There is a great little quote about ‘disruptive technologies’ that is regularly bandied around, although I’m not entirely sure of its origin:
‘Disrupt your own business before someone else does’
It’s very good advice – don’t wait to be rendered irrelevant by some maverick startup that comes out of left-field, and has the audacity to do what you’re doing – only better. It’s certainly wise to start thinking about how you could combat a new entrant, build resilience in your organisation, and make it undisruptible.
But how many organisations actually do it? Most organisations that I have worked in are seemingly very content to perpetuate the status quo, without any serious examination of their business model and how it might be impacted by changing circumstances.
‘Disruptive innovation‘, a term first coined by Harvard professor Clayton M. Christensen, is everywhere. And many companies have already been consigned to the annals of history by the rapid onset of a new innovation that entirely up-ended their business model. Here are some examples:
- Despite being the original founder of the digital camera way back in 1975, Kodak chose to focus on its photographic film business, ultimately resulting in bankruptcy as its competitors chose to take the alternative digital pathway.
- Netflix started out as a DVD postal distribution service, but now as a video on-demand provider, it has all but destroyed the video rental industry – Blockbuster, VideoEzy et al.
- Research in Motion (now Blackberry Limited) was lauded for its innovative business-oriented Blackberry mobile device products in the late 1990s and early 2000s, but it was eclipsed by Apple, Samsung and Google. As was Nokia. No self-respecting person uses a Blackberry or a Nokia these days, except maybe your grandfather.
- Amazon.com was responsible for the death of a swathe of bricks-and-mortar bookstores in the US and beyond, with the job of a bookseller largely replaced by a powerful online algorithm.
- Uber is getting the better of the taxi lobby in a growing number of jurisdictions around the world. It’s only time before Uber wins this battle and the taxi industry is irretrievably changed forever.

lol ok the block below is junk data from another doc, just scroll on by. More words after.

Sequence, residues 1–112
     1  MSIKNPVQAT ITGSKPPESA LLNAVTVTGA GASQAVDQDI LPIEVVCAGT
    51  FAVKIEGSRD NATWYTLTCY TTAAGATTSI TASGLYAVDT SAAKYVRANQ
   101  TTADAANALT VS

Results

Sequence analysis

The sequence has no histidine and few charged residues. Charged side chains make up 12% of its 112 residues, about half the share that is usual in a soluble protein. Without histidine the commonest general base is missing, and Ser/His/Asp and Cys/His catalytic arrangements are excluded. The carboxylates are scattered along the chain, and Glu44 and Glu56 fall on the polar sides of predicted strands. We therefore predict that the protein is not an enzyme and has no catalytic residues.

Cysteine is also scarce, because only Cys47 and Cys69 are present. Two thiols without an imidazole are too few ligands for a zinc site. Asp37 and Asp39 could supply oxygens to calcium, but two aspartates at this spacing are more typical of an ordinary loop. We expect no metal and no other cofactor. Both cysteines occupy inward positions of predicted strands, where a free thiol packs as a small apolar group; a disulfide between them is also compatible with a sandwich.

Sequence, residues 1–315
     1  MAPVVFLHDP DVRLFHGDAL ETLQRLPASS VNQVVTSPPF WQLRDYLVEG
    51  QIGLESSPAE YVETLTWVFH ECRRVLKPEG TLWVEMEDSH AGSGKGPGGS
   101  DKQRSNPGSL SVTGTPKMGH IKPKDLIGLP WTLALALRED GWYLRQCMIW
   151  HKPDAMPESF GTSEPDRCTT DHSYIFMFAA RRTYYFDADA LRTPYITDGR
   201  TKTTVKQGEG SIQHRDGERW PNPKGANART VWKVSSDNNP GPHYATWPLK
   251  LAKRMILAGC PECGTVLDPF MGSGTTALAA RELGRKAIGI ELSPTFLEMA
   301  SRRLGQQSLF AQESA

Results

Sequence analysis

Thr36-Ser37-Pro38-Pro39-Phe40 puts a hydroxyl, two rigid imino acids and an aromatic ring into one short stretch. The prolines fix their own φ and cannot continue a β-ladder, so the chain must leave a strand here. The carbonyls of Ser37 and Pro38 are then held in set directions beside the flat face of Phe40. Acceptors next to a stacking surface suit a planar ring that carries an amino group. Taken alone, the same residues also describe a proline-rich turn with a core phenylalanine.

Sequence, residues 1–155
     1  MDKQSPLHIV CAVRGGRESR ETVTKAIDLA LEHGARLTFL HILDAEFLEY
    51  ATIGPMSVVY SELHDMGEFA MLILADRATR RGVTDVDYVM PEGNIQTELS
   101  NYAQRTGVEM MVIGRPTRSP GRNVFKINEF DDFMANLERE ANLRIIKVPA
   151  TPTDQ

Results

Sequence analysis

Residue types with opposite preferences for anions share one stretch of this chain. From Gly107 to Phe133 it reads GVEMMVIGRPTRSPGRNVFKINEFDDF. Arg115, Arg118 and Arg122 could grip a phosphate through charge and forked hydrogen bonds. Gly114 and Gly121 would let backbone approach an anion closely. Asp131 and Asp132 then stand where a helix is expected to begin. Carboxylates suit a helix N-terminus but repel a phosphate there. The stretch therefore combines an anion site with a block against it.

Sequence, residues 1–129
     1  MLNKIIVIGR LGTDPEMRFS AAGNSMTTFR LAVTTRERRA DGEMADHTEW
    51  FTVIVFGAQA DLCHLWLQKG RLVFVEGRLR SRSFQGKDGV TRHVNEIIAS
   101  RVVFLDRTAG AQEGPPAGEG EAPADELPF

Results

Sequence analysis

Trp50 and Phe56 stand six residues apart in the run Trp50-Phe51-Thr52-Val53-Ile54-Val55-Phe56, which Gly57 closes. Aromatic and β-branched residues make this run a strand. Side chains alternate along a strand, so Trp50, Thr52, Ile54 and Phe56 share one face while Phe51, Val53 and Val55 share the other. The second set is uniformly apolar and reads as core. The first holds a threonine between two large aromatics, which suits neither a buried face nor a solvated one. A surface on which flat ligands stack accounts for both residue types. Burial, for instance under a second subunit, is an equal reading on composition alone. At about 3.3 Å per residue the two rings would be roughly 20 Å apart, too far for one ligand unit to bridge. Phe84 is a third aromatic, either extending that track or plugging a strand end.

So how can you combat ‘disruptive innovation’? Here are some thoughts:
- Start questioning why your organisation does things the way they do. Get out of your comfort zone and embrace the uncomfortable. Scrutinise and question every aspect of your business. Challenge the ‘default settings’ and the status quo. Take a granular approach and leave nothing out.
- Do it now. Right now. Don’t wait to be challenged. ‘Disrupting’ yourself at the peak of your powers is the best time. If you wait until the hordes appear on the horizon, then it’s too late: you won’t be able to deliver a coordinated response quickly enough and it will be all over bar the shouting.
- Take a customer-centric perspective to everything that your organisation does. Put yourselves into the customer’s shoes. How do your products and services come across to the customer? Is it a frictionless experience for them? Do customers love dealing with your business? If not, fix it and fix it fast. Sub-standard customer experiences is where the disrupters focus their attention.
- Aim for small, quick wins, rather than wholesale changes with a long time horizon. Improve stuff iteratively. Test and adjust. Jettison the stuff that doesn’t work, hone the stuff that does.
- Hire trailblazers, non-conformists and ‘originals’ (or hire me as a consultant!). Forget the prescriptive job descriptions. Hire people who are thinkers, are full of ideas and have verve and vim. It doesn’t matter if they’re not a 100% technical fit – they can learn that stuff. It’s the soft skills, personality traits and cultural fit that count the most. Sure, these people can be difficult to manage at times, but they’ll also stop at nothing to reinvent your business from the inside out.
- Involve all staff in your organisation’s challenge to stay relevant. Don’t just dictate strategy from on-high and treat staff like functionaries. Allow them to participate in the process. If you do, you’ll get ‘buy in’ and you’ll more closely align your organisation’s culture with its strategy.
- Stay on your toes and keep yourself informed about the competitive landscape. Understand that serious competition can materialise very quickly, and often from an unexpected place.